I'm looking at custom building a few control panels that will require several large meters in a small area of a factory built box so I will be drilling/cutting several large holes in close proximity to one another. Hole saws and KO dies tend to buckle the metal and the end visual product is very important. I have consider sending them out but will likely be $$$. With all the cool tools in the trade, any thoughts out there on on something that can cut a 3"+ holes in 14 gauge steel without being so abusive to the surounding area and leaves a clean finish. There will be an inch or so between the big holes. The plate will be swiss cheese by the time I'm done with it and it need to keep its shape.
My best guess is clamp the cover to plywood, layout the pattern, use alot a fenice and hole saw the large holes first and work my way down. I need to find someone with a milling machine.
I have had good luck with clamping the piece to a sheet of plywood or plank, then clamp the whole thing to your drill press table, and use a holesaw with some cutting oil, and take your time. Run the saw at a slow speed and use just enough pressure to get it to cut, use oil or even water to keep the heat down.
Life is tough, Life is tougher when you are stupid
When I did controls assembly, Greenlee KO punches did a good job. You do have to make sure the KO are sharp. To help start them, try drilling two holes where the punches start. That reduces the load on the tips and keeps the dies sharper longer.
If they're just round holes in mild steel, then the Hougan Rotabroach hole cutters with a regular 3/8" drill should work for you. They are available individually in sizes up to 3" and make some of the cleanest holes Iíve ever seen in sheet steel. You really don't need to apply very much force at all for them to cut. I bought a fabricators set from Colonial Hardware a few years ago, so I know that they sell them. Black Book of Tools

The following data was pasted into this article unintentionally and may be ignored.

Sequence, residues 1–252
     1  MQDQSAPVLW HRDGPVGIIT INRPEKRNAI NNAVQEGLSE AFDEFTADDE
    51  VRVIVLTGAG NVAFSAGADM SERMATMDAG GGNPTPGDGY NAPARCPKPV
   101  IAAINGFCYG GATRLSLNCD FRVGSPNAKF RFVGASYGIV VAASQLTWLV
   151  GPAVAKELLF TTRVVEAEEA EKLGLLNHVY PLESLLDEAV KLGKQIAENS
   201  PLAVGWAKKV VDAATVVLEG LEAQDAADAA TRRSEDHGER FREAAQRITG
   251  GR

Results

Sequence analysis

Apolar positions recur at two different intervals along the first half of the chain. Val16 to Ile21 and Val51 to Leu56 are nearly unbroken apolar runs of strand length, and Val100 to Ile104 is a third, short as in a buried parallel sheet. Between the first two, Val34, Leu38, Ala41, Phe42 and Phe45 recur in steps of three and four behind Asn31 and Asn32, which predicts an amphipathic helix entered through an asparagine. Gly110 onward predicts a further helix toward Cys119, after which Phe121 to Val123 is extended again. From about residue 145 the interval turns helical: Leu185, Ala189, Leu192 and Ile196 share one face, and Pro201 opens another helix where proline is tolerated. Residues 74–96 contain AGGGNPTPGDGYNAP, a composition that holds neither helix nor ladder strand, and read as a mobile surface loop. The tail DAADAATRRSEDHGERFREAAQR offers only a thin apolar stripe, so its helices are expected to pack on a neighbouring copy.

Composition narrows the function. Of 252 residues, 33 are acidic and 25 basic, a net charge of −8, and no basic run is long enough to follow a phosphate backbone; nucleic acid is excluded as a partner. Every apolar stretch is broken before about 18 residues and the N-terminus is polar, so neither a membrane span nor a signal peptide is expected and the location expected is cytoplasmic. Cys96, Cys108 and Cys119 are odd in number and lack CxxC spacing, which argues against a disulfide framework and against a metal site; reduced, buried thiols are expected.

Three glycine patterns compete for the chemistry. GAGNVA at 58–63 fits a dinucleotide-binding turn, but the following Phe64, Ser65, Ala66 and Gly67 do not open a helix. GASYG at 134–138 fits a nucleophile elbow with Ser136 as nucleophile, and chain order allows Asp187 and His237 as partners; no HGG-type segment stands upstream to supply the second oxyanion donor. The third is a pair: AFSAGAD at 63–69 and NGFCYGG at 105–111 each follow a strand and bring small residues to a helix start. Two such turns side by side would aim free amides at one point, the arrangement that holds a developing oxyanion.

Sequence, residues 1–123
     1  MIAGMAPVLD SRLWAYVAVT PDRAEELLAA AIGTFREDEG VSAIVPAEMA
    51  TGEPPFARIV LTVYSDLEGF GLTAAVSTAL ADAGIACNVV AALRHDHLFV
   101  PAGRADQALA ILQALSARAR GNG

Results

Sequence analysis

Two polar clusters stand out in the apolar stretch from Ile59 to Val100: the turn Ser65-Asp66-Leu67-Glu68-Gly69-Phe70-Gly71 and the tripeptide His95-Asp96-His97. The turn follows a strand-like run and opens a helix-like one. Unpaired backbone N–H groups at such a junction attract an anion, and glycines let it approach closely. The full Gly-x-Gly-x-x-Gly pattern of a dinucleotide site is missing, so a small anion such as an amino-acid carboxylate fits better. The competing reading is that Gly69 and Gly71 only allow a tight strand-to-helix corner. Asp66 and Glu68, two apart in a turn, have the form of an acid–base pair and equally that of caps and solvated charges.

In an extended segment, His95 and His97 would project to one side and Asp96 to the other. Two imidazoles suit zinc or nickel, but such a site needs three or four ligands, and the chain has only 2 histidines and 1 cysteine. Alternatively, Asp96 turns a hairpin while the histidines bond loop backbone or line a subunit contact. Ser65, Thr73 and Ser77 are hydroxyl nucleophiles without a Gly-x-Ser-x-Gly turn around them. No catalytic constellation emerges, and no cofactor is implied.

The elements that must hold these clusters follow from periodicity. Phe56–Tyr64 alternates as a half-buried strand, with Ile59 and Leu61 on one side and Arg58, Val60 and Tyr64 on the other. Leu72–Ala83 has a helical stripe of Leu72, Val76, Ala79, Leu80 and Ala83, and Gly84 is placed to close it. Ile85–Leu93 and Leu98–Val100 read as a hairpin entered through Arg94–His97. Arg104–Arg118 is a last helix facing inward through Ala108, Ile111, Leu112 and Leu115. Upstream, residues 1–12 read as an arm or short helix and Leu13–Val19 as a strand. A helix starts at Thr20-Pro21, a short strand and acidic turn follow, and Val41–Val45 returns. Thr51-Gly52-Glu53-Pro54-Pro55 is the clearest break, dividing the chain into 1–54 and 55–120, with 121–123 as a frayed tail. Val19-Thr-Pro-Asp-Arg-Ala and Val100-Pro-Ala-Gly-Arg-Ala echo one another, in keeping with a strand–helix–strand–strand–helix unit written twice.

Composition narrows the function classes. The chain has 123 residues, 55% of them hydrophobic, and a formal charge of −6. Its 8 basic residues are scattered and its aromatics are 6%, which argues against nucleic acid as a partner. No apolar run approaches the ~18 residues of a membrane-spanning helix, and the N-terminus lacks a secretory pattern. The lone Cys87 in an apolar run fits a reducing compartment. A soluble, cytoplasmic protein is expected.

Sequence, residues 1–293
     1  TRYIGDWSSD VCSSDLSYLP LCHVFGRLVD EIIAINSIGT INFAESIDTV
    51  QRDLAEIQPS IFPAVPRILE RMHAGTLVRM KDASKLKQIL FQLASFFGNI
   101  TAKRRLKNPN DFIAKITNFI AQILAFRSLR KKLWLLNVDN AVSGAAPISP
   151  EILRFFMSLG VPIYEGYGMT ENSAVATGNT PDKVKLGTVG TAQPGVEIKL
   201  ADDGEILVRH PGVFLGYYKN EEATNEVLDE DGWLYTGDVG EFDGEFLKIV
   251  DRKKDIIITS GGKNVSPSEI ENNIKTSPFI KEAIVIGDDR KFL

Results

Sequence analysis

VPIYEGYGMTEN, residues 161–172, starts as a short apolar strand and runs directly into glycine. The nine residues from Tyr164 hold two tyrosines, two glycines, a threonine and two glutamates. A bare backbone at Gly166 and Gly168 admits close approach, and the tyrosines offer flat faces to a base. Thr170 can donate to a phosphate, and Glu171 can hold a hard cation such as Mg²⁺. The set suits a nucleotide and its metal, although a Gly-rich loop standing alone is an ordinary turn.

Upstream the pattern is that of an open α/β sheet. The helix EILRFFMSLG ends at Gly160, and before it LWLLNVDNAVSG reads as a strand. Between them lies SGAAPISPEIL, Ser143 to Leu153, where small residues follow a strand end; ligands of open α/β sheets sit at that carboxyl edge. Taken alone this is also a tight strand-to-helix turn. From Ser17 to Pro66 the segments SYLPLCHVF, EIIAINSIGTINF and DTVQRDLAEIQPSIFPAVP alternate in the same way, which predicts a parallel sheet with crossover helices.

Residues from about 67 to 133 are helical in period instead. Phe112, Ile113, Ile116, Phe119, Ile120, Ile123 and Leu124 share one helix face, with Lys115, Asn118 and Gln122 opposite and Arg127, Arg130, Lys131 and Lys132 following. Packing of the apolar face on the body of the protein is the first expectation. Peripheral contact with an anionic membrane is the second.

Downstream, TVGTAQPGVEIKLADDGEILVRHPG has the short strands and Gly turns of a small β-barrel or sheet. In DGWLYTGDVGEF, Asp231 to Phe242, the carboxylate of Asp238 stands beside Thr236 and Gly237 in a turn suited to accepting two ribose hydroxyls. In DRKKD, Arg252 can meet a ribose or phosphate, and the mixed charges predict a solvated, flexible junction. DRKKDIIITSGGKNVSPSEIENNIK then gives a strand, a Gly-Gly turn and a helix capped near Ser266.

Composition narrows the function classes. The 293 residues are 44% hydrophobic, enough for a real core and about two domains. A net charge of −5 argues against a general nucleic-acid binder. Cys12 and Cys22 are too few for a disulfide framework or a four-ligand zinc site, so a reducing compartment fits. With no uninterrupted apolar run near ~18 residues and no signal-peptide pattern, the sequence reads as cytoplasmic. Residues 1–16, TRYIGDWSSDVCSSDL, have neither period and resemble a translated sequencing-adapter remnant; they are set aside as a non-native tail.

For the 3"+ use a compass and draw the hole out. drill releif holes just inside the line. Use a good jigsaw( I use a bosch) and a metal bit. Clamp the thing to a good table and cut away. A half round bastard file to clean up the burrs and get you to the line. Labor intensive but effective.
I have to agree with LarryC. Short of a CNC milling machine, you aren't going to get cleaner holes than you can make with a Greenlee chassis punch. I haven't noticed any problem with warping of the metal, as long as the punch is SHARP.
The only downside is that a 3" Greenlee punch is not exactly cheap. Figure on at least $400 new, and that's for the manual drive version. Probably double the price for hydraulic.
One tool: A Dremel, will do this. Just have a test on a bit of the same material before you start chopping into your panel face.
Punches are OK, if you like the expense of having something you may never use again. If you don't mind a bit of filing to make the edges a bit more "friendly", the Dremel is the way to go.
One tool I have had for years is what is known as a "Die Grinder" it holds smaller type bits like small grinding bits and also flap-discs. It is a lot higher powered than a Dremel and uses lower speeds. I've always found the flap discs great for cleaning up cut out holes in a jiffy and it makes a nice smooth edge to the finished hole.
Coming from an engineering background, I'd recommend you get some of the film that 3M sells, that is used on stainless steel sheets during transit to save any knocks to the finished product from the factory. It is adhesive and is black on the sticky side and white on the outer side. I usually do my marking out on this with a mechanical pencil,once the film is in place, you could also do this with a very fine tipped Sharpie pen.
Having said that, I have also cut out reasonably "round" holes with a small angle grinder (always smaller than the final hole size), with a cut-off disc and got them within a ball-park of finishing them off with a die-grinder.
Just bear in mind that when you are grinding away, the hole is getting bigger and never let a grinder of any sort "dwell" on any point of the cut out.
Constantly check your work, it's rather hard to fix up something AFTER you've mucked something up.
Have you thought about asking any of the folks up there who build or repair their own planes? It sounds like a question that comes up frequently from people who are trying to fit all their stuff in an instrument panel.
I'd thumb through a copy of Kitplanes magazine and see who their advertisers are...or go online to EAA.org and see if they have a chapter nearby you could call on.
As for finding Punches, I see a fair number of them on E-bay. Depending on your lead time and number of different hole sizes, buying online might be worth your time. Also check out local people who build custom boats, airplanes, and industrial controls. If these are standard meters, perhaps a generator repair facility may also have the punches. Have you tried talking with your competitors to see if you can borrow or buy a used punch from them?